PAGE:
Patent ductus arteriosus (PDA) is a common problem in the neonatal intensive care unit and can be secondary to prematurity or congenital heart disease (CHD). PDA is the most common cardiovascular abnormality in preterm infants, and is seen in 55% of infants born at 28 weeks, and 1000 grams or less. In addition to producing heart failure and prolonged respiratory distress or ventilator dependence, PDA has been implicated in development of broncho-pulmonary dysplasia, interventricular hemorrhage, cerebral ischemia, and necrotizing enterocolitis (NEC). In an Israeli population study 5.6% of all very low birth weight infants (VLBW) were diagnosed with NEC, and 9.4% of VLBW infants with PDA were found to have NEC. In a retrospective analysis of neonates with CHD exposed to Prostaglandin E found that the odds of developing NEC increased in infants with single ventricle physiology, especially hypoplastic left heart syndrome. The proposed pathophysiological explanation of NEC and PDA is a result of "diastolic steal" where blood flows in reverse from the mesenteric arteries back into the aorta leading to compromised diastolic blood flow and intestinal hypo-perfusion. Prior studies have demonstrated that infants with a hemodynamically significant PDA have decreased diastolic flow velocity of the mesenteric and renal arteries when measured by Doppler ultrasound, and an attenuated intestinal blood flow response to feedings in the post prandial period compared to infants without PDA. Near Infrared Spectroscopy (NIRS) has also been used to assess regional oxygen saturations (rSO2) in tissues such as the brain, kidney and mesentery in premature infants with PDA. These studies demonstrated lower baseline oxygenation of these tissues in infants with hemodynamically significant PDA. These prior NIRS studies evaluated babies with a median gestational age at the time of study of 10 days or less. It is unknown if this alteration in saturations will persist in extubated neonates with PDA at 12 or more days of life on full enteral feedings. In the present study the investigators hypothesize that infants with a PDA, whether secondary to prematurity or ductal dependent CHD, will have decreased splanchnic and renal perfusion and rSO2 renal/splanchnic measurements will be decreased during times of increased metabolic demand such as enteral gavage feeding. To test this hypothesis the investigators have designed a prospective observational study utilizing NIRS to record regional saturations at baseline, during feedings, and after feedings for 48 hours.
Rheumatic heart disease remains a major health problem in developing countries. It is the most important sequel of rheumatic fever and occurs in about 30% of patients with rheumatic fever.Rheumatic heart disease presents with different degrees of pancarditis and associated valve failure. Involvement of the mitral leaflets can cause mitral regurgitation (MR) or stenosis and eventually can lead to heart failure. Mitral repair or replacement is therefore recommended before left ventricular (LV) dysfunction develops. Study Objectives/Specific Aims Overall Goal: To determine the benefit the patient with pulmonary hypertension will get from mitral valve replacement as regard function improvement and remodeling of the right ventricle. - Objective1: Identify risk factors that are predictive of outcomes.(Type and severity of Mitral valve pathology , severity of pulmonary hypertension, tricuspid regurge, preoperative RV dysfunction) - Objective2: Determine the value of management strategies (Mitral valve replacement in pulmonary hypertension i.e. : decrease RV pressure overload and enhance RV remodeling) - Objective3: Assessment of the outcomes clinically & Echocardiographically : postoperative results during hospital stay and follow up (short term up to 3 months).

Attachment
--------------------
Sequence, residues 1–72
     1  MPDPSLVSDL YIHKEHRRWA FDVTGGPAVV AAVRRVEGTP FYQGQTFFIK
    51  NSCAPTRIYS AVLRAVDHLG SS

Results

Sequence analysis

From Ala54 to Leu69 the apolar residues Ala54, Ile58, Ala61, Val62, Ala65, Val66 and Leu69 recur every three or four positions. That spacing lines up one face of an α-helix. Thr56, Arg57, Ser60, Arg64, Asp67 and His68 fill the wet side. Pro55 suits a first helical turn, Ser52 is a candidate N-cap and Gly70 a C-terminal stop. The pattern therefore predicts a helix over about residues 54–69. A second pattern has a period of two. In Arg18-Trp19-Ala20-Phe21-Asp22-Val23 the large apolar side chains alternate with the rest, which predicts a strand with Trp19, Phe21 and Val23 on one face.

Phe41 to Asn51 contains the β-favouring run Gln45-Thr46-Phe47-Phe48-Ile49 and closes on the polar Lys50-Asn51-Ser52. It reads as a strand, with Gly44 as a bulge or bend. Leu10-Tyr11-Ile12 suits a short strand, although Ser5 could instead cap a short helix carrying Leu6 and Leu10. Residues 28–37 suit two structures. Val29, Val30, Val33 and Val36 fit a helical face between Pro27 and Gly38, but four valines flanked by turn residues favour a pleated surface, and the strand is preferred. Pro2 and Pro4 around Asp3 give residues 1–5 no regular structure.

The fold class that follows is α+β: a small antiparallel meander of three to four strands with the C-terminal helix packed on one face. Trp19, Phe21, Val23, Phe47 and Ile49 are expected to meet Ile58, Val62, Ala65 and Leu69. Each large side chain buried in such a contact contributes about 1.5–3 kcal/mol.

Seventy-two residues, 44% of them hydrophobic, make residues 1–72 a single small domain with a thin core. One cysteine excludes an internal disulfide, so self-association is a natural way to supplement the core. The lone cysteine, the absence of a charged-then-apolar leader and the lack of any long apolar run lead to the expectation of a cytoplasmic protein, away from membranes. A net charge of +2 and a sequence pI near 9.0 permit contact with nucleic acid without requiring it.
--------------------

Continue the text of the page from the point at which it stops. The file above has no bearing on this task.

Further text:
An observational study of physical activity patterns in 150 older adults with cardiac implantable electronic devices (CIED)
Conventionnal cadiac magnetic resonance (CMR) is the reference to assess changes in right heart flow and pulmonary artery hemodynamics in patients with repaired Tetralogy of Fallot. 4D Flow CMR Imaging is a new imaging modality able to assess all of these parameters faster (8 min vs 30 min) and more comfortably. The aim of this study is to compare conventionnal CMR and 4D Flow CMR for the assessment of these parameters (ventricular volume, ventricular systolic function, and regurgitation of the pulmonary pathway).
The European Association for the Study of Diabetes (EASD) guidelines have not made any specific recommendations regarding the Dietary Approaches to Stop Hypertension (DASH) diet, a dietary pattern that emphasizes fruits and vegetables, low-fat or non-fat dairy, limiting saturated fat intake and usually also recommends limiting sodium intake. To update the recommendations, the Diabetes and Nutrition Study Group (DNSG) of the EASD commissioned an umbrella review of systematic reviews and meta-analyses using the Grading of Recommendations Assessment, Development, and Evaluation (GRADE) approach to summarize the available evidence from recent systematic reviews and meta-analyses of prospective cohort studies and randomized controlled trials of the relationship between the DASH dietary pattern and cardiometabolic risk.
This study will investigate the effects of curcumin on the structure/function of the body by investigating whether targeted improvement of intestinal barrier function by supplementation with oral curcumin will result in attenuation of lipopolysaccharide (LPS) translocation and/or intestinal inflammation.